This Starbucks Employee Has TikTok Divided Over Caramel Syrup

Starbucks balances both trendy and traditional coffee  beverage choices, but one classic drink from the multinational corporation has fans divided. Some Starbucks drinks already aren't worth the money to some, and once new information is revealed by Starbucks baristas, they may become even less desirable.

Of course, Starbucks is also known for their customizable beverages, so any of their traditional drink builds can be altered to your taste. Colloquially known as the Starbucks Secret Menu, some of these secret menu drinks taste like strawberry cobbler or like a creme saver. Starbucks has also been in the news lately for their union issues. According to WIVB, Starbucks employees in Buffalo, New York, fought to earn union rights — employees from Starbucks and other food service jobs don't possess these benefits in many states — but are still facing more issues even after the establishment of their union. Still, it's not the customizable drinks or the union issues with which TikTok users have an issue right now.

Instead, one Starbucks barista caused TikTok users to melt down when he revealed that a beloved drink may not actually have caramel syrup in it like many believed.

Starbucks' Caramel Macchiato may not be as it appears

The caramel controversy began with a TikTok video uploaded by user @jamayiachristian, per Daily Dot, in which she explains that there is no caramel syrup in Starbucks' Caramel Macchiato, no matter if you order the drink hot or iced. Instead, the video explains that vanilla syrup is the flavor agent and sweetener in the drink itself, while caramel syrup is instead drizzled on top for an extra touch of sweetness and an eloquent presentation.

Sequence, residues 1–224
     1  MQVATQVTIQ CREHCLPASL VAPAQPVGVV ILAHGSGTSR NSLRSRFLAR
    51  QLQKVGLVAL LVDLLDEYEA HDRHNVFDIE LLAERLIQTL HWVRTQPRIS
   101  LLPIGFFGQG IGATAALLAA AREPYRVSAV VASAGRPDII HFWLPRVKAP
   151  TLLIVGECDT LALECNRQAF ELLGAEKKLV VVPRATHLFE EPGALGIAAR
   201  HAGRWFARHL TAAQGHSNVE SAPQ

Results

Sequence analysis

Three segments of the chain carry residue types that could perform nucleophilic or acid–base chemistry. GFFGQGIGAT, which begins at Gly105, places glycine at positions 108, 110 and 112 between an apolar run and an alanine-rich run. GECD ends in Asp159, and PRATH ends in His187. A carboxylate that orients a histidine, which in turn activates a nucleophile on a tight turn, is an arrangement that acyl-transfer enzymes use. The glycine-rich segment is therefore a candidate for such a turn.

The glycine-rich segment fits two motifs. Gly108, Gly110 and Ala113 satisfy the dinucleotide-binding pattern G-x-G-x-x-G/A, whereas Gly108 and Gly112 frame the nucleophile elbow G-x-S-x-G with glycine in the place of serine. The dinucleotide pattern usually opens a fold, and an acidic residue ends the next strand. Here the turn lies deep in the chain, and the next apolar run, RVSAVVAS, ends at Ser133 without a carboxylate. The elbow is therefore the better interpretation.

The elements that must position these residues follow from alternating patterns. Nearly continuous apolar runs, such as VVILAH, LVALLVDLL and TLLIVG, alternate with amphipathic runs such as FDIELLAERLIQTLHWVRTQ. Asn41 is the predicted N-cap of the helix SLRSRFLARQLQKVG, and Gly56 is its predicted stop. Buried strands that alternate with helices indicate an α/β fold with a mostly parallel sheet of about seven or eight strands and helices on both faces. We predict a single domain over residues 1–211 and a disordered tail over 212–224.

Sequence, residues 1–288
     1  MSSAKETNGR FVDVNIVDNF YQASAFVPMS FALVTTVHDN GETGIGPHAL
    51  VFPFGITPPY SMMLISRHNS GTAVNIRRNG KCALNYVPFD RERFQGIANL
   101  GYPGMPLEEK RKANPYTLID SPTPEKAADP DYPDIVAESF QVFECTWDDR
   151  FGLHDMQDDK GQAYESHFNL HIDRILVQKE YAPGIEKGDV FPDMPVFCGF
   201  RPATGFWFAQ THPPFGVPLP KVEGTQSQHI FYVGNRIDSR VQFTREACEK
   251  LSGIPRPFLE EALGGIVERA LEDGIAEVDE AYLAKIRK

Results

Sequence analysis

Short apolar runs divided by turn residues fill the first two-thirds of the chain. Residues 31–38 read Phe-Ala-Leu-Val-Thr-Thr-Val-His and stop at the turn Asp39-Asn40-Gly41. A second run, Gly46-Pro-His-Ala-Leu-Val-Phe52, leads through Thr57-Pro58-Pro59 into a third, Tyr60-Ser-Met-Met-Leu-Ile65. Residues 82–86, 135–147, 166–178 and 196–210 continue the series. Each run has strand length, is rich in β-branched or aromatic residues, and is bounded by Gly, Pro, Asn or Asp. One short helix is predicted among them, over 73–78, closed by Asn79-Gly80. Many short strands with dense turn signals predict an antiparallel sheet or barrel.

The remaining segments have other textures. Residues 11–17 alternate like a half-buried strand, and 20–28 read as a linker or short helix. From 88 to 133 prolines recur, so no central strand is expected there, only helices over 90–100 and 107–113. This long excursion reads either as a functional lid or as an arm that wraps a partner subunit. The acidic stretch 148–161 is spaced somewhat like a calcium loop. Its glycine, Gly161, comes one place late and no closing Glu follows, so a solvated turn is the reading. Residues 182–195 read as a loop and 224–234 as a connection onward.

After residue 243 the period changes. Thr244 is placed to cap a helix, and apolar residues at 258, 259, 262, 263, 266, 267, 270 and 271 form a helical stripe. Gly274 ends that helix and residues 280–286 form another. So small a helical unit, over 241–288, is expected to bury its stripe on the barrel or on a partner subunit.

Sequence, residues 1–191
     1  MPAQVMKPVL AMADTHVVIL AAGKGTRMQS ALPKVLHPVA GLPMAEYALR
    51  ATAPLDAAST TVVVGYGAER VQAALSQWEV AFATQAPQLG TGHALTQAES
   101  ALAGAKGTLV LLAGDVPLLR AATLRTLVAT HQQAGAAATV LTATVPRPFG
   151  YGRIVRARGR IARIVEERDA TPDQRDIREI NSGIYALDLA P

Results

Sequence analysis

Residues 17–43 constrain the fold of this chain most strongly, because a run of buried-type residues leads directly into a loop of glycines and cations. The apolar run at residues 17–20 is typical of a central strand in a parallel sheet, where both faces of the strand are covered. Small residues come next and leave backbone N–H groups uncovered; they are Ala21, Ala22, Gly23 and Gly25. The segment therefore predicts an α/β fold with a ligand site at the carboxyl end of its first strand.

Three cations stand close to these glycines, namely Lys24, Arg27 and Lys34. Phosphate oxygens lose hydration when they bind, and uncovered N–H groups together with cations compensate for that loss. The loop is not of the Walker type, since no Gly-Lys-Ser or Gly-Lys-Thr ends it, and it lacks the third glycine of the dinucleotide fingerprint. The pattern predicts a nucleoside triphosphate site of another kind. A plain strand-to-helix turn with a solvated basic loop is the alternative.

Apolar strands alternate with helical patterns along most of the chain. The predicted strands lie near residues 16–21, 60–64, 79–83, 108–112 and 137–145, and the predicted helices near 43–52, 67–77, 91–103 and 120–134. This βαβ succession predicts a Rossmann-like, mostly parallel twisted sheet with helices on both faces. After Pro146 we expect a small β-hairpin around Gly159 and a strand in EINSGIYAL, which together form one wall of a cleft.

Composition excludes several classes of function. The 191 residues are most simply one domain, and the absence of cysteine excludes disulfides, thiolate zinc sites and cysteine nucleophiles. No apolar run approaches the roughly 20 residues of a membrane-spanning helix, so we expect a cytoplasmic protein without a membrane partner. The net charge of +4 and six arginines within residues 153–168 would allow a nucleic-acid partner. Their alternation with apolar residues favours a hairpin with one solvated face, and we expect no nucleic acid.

This caused controversy for two reasons. Christian called customers who order extra caramel in the Caramel Macchiato "Karens," and others are now dumbfounded that the caramel in the drink's name is only a decoration. "How is someone a Karen for thinking that a Caramel Macchiato is made with Caramel LMAO??," one user commented. Another said, "How does thinking caramel goes in a Caramel Macchiato make you a [Karen]????"

The term "Karen" has become a colloquial description of a woman, typically white, who causes trouble for food service and retail workers, especially when the problem at hand is moot (or just unimportant in the grand scheme of life) according to the BBC. One barista also chimed in, though, saying, "If people just ask for it, and we try to clarify if they want extra caramel drizzle or if they want extra syrup to make it sweeter, and they're fine with it, it doesn't bother us. But what you don't realize is that people snap at us like we're idiots when we try to clarify."

Ultimately, it's easy to see why all sides were confused and/or frustrated, but it's a lesson learned moving forward that all restaurants' menu items may not be as they seem.